1 Differential Equations Massoud Malek Nonlinear Systems of Ordinary Differential Equations Dynamical System. A dynamical system has a state determined by a collection of real numbers, or more generally by a set of points in an appropriate state space. Small changes in the state of the system correspond to small changes in the numbers. The evolution rule of the dynamical system is a fied rule that describes what future states follow from the current state. The rule is deterministic: for a given time interval only one future state follows from the current state. The mathematical models used to describe the swinging of a clock pendulum, the flow of water in a pipe, or the number of fish each spring in a lake are eamples of dynamical systems. Autonomous System. An autonomous differential equation is a system of ordinary differential equations which does not depend on the independent variable. It is of the form d X(t) = F (X(t)), dt where X takes values in n-dimensional Euclidean space and t is usually time. It is distinguished from systems of differential equations of the form d X(t) = G(X(t), t), dt in which the law governing the rate of motion of a particle depends not only on the particle s location, but also on time; such systems are not autonomous. Autonomous systems are closely related to dynamical systems. Any autonomous system can be transformed into a dynamical system and, using very weak assumptions, a dynamical system can be transformed into an autonomous systems. Jacobian Matri. Consider the function F : IR n IR m, where F ( 1, 2,..., n ) = f 1 ( 1, 2,..., n ) f 2 ( 1, 2,..., n ) f m ( 1, 2,..., n ) The partial derivatives of f 1 ( 1,..., n ),..., f m ( 1,..., n ) (if they eist) can be organized in an m n matri. The Jacobian matri of F ( 1, 2,..., n ) denoted by J F f 1 1 J F ( 1,..., n ) =..... f m 1. is as follows: Its importance lies in the fact that it represents the best linear approimation to a differentiable function near a given point. f 1 n f m n.
2 Massoud Malek Nonlinear Systems of Ordinary Differential Equations Page 2 Qualitative Analysis. Very often it is almost impossible to find eplicitly or implicitly the solutions of a system (specially nonlinear ones). The qualitative approach as well as numerical one are important since they allow us to make conclusions regardless whether we know or not the solutions. Nullclines and Equilibrium Points Consider the system of first order ordinary differential equations: 1 = f 1 ( 1, 2..., n ) 2 = f 2 ( 1, 2..., n )... n = f n ( 1, 2..., n ). The j -nullcline is the set of points which satisfy f j ( 1, 2,..., n ) = 0. The intersection point of all the nullclines is called an equilibrium point or fied point of the system. The Jacobian matri with constant entries, is identified with the matri of a linear systems. Near a fied point ( 1, 2,..., n), the dynamics of the nonlinear system are qualitatively similar to the dynamics of the linear system associated with the Jacobian matri J( 1, 2,..., n), provided its eigenvalues λ js have nonzero real parts. Fied points with a Jacobian matri such that Re(λ j ) 0 are called hyperbolic fied points. Otherwise, they are non-hyperbolic fied points, whose stabilities must be determined directly. Eample 1. Consider the system: (t) = (1 ) y, y (t) = 2y(1 y2 2 ) 32 y. The -nullclines are given by (t) = (1 ) y = 0 which is equivalent to = 0 or y = + 1. The y-nullclines are given by y (t) = 2y(1 y 2 ) 3y = 0 which is equivalent to y = 0 or y 2 = 2. Eample 2. Consider the model describing two competing species: (t) = (1 y), y (t) = 2y (1 y2 32 ). The -nullclines are = 0 or y = + 1. The y-nullclines are y = 0 or y = The equilibrium points are (0, 0), (0, 2), (1, 0), and ( 1 2, 1 2 ). The components of the velocity vectors are (t) and y (t). These vectors give the direction of the motion along the trajectories. We have the four natural directions (left, right, up, and down) and the other four directions (left-down, left-up, right-down, and right-up). These directions are obtained by looking at the signs of (t) and y (t) and whether they are equal to 0. If both are zero, then we have an equilibrium point. Note that along the -nullcline the velocity vectors are vertical while along the y-nullcline the velocity vectors are horizontal. Note that as long as we are traveling along a nullcline without crossing an equilibrium point, then the direction of the velocity vector must be the same. Once we cross an equilibrium point, then we may have a change in the direction (from up to down, or right to left, and vice-versa).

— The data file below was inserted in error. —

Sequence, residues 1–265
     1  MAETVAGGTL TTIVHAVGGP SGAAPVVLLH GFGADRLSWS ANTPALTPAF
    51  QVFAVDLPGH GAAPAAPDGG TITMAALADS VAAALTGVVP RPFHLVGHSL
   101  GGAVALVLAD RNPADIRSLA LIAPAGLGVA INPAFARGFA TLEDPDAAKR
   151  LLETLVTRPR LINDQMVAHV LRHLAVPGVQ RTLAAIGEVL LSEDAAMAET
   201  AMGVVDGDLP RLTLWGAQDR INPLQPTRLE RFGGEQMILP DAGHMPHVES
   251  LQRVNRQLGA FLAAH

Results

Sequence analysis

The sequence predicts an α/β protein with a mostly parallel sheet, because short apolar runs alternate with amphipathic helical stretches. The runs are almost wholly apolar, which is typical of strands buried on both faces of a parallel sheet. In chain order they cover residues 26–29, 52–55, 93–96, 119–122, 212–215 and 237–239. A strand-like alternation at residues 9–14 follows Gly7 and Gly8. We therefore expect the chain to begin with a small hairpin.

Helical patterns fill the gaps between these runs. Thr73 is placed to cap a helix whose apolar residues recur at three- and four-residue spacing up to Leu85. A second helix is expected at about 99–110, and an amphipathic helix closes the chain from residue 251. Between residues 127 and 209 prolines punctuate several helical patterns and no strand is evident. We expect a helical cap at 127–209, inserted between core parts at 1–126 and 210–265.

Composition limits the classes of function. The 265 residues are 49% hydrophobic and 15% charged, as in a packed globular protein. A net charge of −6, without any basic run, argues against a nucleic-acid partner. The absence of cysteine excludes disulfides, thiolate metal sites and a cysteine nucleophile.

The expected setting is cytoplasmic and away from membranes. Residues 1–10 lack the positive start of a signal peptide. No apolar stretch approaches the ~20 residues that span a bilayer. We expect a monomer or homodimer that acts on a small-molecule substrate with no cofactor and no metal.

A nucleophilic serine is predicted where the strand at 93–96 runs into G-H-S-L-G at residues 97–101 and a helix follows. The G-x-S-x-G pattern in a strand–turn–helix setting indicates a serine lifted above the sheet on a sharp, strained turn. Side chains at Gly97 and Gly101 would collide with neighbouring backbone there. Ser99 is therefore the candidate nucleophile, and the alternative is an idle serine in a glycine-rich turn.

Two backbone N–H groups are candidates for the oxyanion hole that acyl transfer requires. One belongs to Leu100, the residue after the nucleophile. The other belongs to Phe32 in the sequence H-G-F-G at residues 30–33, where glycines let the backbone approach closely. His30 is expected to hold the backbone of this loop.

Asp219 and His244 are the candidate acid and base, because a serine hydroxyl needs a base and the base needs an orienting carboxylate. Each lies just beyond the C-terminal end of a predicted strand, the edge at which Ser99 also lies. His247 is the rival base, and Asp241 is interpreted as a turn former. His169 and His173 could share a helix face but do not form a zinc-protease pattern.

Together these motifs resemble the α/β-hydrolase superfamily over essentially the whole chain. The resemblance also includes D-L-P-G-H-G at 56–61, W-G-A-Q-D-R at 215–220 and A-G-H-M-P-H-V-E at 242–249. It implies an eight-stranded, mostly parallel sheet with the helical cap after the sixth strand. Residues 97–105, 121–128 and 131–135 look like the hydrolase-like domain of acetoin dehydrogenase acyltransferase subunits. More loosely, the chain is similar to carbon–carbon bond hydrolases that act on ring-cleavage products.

3 Massoud Malek Nonlinear Systems of Ordinary Differential Equations Page 3 Nullclines - Fied Points - Velocity Vectors Eample 1. Eample 2. In order to find the direction of the velocity vectors along the nullclines, we pick a point on the nullcline and find the direction of the velocity vector at that point. The velocity vector along the segment of the nullcline delimited by equilibrium points which contains the given point will have the same direction. For eample, consider the point (1/3, 1) on the y-nullcline y = in the second eample. The velocity vector at this point is ( 1/9, 0). Therefore the velocity vector at any point on the line y = 3 + 2, with > 1/3, is horizontal and points to the left (since = 1/9 < 0). The picture below gives the nullclines and the velocity vectors along them. Velocity Vectors Remark. The point (0, 0) is a fied point of any linear system of ordinary differential equation, but a nonlinear system may have neither fied points nor nullclines. Eample 3. (t) = 2 + 1, y (t) = (y 1). No -nullcline. The y-nullcline are = 0 or y 1. No fied point. Eample 4. (t) = 2 + y 2 1, y (t) = y + 2. The -nullcline is the unit circle. The y-nullcline is the line y = + 2. The nullclines do not intersect.